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Situated in Tuckaleechee Cove, one of several "limestone windows" on the northern base of the Smoky Mountains, is Townsend, Tennessee, also known as the "Peaceful Side of the Smokies." Native Americans were the first inhabitants of Tuckaleechee Cove. By the time the first Europeans arrived in the late 18th century, the Cherokee villages had been abandoned. In the 1880s, the lumber industry was in full swing thanks to two key innovations: the band saw and the logging railroad. With the coming of industrialization, the isolated farming community of Tuckaleechee Cove was transformed in the bustling mill town of Townsend. In 1894, E.J. Kinzel started a mountain retreat in Tuckaleechee Cove, which in later years turned into a mountain hotel with two healing mineral springs.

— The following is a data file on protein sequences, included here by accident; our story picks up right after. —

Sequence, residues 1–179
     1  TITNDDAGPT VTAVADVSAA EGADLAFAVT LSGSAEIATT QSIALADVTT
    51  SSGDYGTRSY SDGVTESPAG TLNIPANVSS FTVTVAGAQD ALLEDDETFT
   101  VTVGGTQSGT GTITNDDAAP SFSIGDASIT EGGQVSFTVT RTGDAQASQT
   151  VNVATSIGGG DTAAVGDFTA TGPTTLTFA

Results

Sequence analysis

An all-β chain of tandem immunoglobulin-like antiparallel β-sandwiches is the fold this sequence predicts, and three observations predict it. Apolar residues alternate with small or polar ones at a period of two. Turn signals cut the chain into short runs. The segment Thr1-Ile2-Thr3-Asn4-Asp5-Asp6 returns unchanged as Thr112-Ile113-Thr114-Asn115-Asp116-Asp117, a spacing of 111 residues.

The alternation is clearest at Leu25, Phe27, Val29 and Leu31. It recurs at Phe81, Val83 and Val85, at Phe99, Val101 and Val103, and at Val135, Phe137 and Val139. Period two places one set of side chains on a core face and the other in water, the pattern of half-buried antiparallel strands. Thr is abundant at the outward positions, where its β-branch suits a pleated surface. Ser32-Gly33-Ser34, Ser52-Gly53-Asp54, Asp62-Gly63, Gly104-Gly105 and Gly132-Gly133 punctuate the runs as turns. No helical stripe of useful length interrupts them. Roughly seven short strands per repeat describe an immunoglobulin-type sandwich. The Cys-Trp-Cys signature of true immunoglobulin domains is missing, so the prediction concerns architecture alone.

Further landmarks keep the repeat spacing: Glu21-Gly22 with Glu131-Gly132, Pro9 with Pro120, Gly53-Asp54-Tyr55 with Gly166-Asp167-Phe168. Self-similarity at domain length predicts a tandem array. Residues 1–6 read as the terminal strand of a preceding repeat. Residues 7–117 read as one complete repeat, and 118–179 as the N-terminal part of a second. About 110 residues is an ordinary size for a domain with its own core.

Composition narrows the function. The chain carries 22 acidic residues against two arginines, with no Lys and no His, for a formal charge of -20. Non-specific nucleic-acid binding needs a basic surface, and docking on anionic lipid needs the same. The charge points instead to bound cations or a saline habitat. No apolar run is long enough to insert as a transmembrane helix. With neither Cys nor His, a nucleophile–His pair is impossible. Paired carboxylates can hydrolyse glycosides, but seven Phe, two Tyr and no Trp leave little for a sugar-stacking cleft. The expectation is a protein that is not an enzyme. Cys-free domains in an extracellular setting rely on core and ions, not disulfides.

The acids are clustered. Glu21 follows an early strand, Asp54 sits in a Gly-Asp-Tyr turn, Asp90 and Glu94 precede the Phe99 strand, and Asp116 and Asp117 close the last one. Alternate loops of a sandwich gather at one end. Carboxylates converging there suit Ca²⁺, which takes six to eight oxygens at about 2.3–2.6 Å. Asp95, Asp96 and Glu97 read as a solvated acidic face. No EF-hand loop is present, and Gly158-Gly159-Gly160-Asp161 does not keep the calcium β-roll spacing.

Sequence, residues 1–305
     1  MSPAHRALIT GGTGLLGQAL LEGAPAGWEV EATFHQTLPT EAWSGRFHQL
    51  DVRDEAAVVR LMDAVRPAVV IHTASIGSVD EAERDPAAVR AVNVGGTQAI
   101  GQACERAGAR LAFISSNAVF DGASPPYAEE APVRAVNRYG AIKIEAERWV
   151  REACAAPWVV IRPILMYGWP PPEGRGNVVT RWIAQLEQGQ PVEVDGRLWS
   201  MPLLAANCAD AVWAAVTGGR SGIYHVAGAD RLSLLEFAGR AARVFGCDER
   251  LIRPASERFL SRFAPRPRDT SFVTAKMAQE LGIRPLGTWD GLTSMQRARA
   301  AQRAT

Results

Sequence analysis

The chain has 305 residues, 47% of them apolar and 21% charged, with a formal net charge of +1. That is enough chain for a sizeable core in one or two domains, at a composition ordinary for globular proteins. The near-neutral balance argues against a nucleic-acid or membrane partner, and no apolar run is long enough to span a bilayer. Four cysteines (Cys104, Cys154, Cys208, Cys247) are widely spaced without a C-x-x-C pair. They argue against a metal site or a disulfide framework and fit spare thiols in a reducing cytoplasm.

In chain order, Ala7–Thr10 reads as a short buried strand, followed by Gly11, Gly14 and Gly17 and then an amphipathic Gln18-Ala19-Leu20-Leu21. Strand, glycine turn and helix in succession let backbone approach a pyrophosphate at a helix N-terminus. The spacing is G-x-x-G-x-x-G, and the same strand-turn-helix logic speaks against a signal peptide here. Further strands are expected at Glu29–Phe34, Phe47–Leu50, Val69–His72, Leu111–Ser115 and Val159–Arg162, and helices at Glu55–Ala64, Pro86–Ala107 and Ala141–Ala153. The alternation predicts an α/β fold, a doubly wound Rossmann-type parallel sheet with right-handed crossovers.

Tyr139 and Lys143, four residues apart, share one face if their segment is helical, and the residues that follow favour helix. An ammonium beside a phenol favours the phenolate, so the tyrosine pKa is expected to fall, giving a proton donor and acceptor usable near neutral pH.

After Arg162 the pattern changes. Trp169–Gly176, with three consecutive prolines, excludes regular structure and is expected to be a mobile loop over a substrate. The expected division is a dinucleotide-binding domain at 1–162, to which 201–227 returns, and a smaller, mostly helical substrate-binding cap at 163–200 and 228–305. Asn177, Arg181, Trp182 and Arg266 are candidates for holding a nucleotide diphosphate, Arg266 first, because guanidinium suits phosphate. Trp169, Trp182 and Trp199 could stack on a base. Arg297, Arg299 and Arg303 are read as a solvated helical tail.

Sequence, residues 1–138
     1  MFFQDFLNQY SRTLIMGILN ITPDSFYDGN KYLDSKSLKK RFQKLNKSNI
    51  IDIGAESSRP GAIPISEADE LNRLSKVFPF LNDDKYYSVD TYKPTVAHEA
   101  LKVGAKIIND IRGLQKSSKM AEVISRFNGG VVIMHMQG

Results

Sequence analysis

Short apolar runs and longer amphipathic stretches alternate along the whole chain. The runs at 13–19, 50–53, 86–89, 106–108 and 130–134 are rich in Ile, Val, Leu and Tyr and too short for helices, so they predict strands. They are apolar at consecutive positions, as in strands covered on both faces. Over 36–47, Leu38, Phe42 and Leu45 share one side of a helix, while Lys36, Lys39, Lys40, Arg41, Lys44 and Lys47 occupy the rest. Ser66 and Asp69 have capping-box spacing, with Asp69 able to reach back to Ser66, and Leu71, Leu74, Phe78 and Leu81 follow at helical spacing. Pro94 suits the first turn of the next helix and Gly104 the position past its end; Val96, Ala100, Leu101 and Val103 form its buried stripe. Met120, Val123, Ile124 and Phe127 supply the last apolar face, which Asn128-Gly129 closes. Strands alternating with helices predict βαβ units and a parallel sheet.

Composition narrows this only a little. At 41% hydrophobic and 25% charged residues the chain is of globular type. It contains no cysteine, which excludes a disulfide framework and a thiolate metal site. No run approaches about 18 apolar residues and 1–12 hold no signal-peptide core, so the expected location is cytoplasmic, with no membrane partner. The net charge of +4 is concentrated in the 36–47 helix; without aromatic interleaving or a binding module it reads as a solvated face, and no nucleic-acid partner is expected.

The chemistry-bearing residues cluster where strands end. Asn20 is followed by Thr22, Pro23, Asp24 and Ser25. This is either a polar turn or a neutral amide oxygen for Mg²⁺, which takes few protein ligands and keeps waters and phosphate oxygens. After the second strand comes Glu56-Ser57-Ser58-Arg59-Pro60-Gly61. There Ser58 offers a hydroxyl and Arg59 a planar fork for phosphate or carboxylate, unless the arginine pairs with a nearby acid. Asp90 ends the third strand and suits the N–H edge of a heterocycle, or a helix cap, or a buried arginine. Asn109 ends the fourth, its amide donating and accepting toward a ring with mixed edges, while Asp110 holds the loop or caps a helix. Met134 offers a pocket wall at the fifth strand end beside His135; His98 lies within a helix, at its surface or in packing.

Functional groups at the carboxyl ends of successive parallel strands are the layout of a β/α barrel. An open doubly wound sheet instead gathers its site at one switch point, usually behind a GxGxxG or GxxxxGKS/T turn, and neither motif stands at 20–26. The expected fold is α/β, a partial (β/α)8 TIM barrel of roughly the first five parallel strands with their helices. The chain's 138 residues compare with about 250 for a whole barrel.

About the Author
Missy Tipton Green and Paulette Ledbetter have authored two other books together, are avid genealogists and historians, and enjoy hiking in the Great Smoky Mountains. They serve on the board of directors for the Cades Cove Preservation Association and are members of the Oliver Reunion Association, Experience Your Smokies, and the Myers Cemetery Preservation Association. They also participate in the Great Smoky Mountains Adopt-A-Cabin program.